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Reducing Science-related Stress

The author presents a list of things learned through hard experience to help him with his own imposter syndrome, and help him to feel less stressed out about science.


Being a scientist can be pretty stressful for any number of reasons, from the peer review process, to getting funding, to getting blown up on the internet.

Like a lot of academics I suffer from a lot of stress related to my own high standards and the imposter syndrome that comes from not meeting them on a regular basis. I was just reading through the excellent material in Lorena Barba’s class on essential skills in reproducibility and came across this set of slides by Phillip Stark. The one that caught my attention said:

If I say just trust me and I’m wrong, I’m untrustworthy. If I say here’s my work and it’s wrong, I’m honest, human, and serving scientific progress.

I love this quote because it shows how being open about both your successes and failures makes it less stressful to be a scientist. Inspired by this quote I decided to make a list of things that I’ve learned through hard experience do not help me with my own imposter syndrome and do help me to feel less stressed out about my science.

  1. Put everything out in the open. We release all of our software, data, and analysis scripts. This has led to almost exclusively positive interactions with people as they help us figure out good and bad things about our work.
  2. Admit mistakes quickly. Since my code/data are out in the open I’ve had people find little bugs and big whoa this is bad bugs in my code. I used to freak out when that happens. But I found the thing that minimizes my stress is to just quickly admit the error and submit updates/changes/revisions to code and papers as necessary.
  3. Respond to requests for support at my own pace. I try to be as responsive as I can when people email me about software/data/code/papers of mine. I used to stress about doing this right away when I would get the emails. I still try to be prompt, but I don’t let that dominate my attention/time. I also prioritize things that are wrong/problematic and then later handle the requests for free consulting every open source person gets.
  4. Treat rejection as a feature not a bug. This one is by far the hardest for me but preprints have helped a ton. The academic system is designed to be critical. That is a good thing, skepticism is one of the key tenets of the scientific process. It took me a while to just plan on one or two rejections for each paper, one or two or more rejections for each grant, etc. But now that I plan on the rejection I find I can just focus on how to steadily move forward and constructively address criticism rather than taking it as a personal blow.
  5. Don’t argue with people on the internet, especially on Twitter. This is a new one for me and one I’m having to practice hard every single day. But I’ve found that I’ve had very few constructive debates on Twitter. I also found that this is almost purely negative energy for me and doesn’t help me accomplish much.
  6. Redefine success. I’ve found that if I recalibrate what success means to include accomplishing tasks like peer reviewing papers, getting letters of recommendation sent at the right times, providing support to people I mentor, and the submission rather than the success of papers/grants then I’m much less stressed out.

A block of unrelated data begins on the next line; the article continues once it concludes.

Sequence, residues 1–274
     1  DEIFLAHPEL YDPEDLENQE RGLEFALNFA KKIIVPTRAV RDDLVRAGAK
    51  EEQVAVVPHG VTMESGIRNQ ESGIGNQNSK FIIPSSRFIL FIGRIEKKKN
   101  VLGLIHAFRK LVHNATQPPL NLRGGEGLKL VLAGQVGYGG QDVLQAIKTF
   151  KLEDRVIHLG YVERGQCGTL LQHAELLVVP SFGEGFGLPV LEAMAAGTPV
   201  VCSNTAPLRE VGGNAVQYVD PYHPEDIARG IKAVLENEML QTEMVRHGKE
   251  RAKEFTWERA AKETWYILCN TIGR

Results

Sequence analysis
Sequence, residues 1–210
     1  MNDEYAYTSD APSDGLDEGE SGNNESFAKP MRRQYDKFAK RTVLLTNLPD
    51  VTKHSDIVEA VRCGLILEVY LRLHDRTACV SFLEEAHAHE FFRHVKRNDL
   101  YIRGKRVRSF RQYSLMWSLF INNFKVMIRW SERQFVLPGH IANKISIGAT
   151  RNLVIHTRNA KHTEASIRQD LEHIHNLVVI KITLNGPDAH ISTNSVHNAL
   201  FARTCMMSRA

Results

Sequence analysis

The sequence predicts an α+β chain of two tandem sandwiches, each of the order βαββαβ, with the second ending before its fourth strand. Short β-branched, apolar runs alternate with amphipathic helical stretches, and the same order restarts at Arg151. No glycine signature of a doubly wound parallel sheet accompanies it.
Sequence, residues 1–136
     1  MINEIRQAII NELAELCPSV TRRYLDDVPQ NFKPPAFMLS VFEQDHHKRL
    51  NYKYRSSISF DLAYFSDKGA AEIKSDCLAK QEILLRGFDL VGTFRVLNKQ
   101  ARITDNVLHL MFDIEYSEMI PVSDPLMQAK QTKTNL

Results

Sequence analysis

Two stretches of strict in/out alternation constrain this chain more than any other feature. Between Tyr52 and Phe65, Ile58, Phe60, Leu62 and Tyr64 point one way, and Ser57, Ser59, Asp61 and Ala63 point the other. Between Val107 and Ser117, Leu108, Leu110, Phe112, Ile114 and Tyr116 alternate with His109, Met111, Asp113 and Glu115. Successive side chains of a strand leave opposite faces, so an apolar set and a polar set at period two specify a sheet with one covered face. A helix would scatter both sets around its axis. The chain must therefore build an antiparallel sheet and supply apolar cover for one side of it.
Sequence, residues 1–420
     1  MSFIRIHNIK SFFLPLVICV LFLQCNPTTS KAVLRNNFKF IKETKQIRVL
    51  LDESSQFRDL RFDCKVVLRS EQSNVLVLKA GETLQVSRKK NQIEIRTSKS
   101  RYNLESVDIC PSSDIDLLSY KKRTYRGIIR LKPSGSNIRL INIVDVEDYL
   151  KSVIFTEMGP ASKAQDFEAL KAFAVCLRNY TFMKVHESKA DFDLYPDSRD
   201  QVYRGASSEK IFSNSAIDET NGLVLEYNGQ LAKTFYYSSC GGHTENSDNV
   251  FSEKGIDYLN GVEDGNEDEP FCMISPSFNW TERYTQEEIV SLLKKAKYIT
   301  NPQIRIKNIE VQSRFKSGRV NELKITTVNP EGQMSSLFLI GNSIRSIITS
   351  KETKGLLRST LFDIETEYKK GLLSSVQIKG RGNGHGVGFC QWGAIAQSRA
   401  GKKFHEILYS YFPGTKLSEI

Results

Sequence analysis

7. Don’t compare myself to other scientists. It is very hard to get good evaluation in science and I’m extra bad at self-evaluation. Scientists are good in many different dimensions and so whenever I pick a one dimensional summary and compare myself to others there are always people who are “better” than me. I find I’m happier when I set internal, short term goals for myself and only compare myself to them.
  8. When comparing, at least pick a metric I’m good at. I’d like to claim I never compare myself to others, but the reality is I do it more than I’d like. I’ve found one way to not stress myself out for my own internal comparisons is to pick metrics I’m good at - even if they aren’t the “right” metrics. That way at least if I’m comparing I’m not hurting my own psyche.
  9. Let myself be bummed sometimes. Some days despite all of that I still get the imposter syndrome feels and can’t get out of the funk. I used to beat myself up about those days, but now I try to just build that into the rhythm of doing work.
  10. Try very hard to be positive in my interactions. This is another hard one, because it is important to be skeptical/critical as a scientist. But I also try very hard to do that in as productive a way as possible. I try to assume other people are doing the right thing and I try very hard to stay positive or neutral when writing blog posts/opinion pieces, etc.
  11. Realize that giving credit doesn’t take away from me. In my research career I have worked with some extremely generous mentors. They taught me to always give credit whenever possible. I also learned from Roger that you can give credit and not lose anything yourself, in fact you almost always gain. Giving credit is low cost but feels really good so is a nice thing to help me feel better.

The last thing I’d say is that having a blog has helped reduce my stress, because sometimes I’m having a hard time getting going on my big project for the day and I can quickly write a blog post and still feel like I got something done...

Bio: Jeff Leek is a professor at Johns Hopkins, where he does statistical research, writes data analysis software, curates and creates data sets, writes a blog about statistics, and works with amazing students who go do awesome things.

Original. Reposted with permission.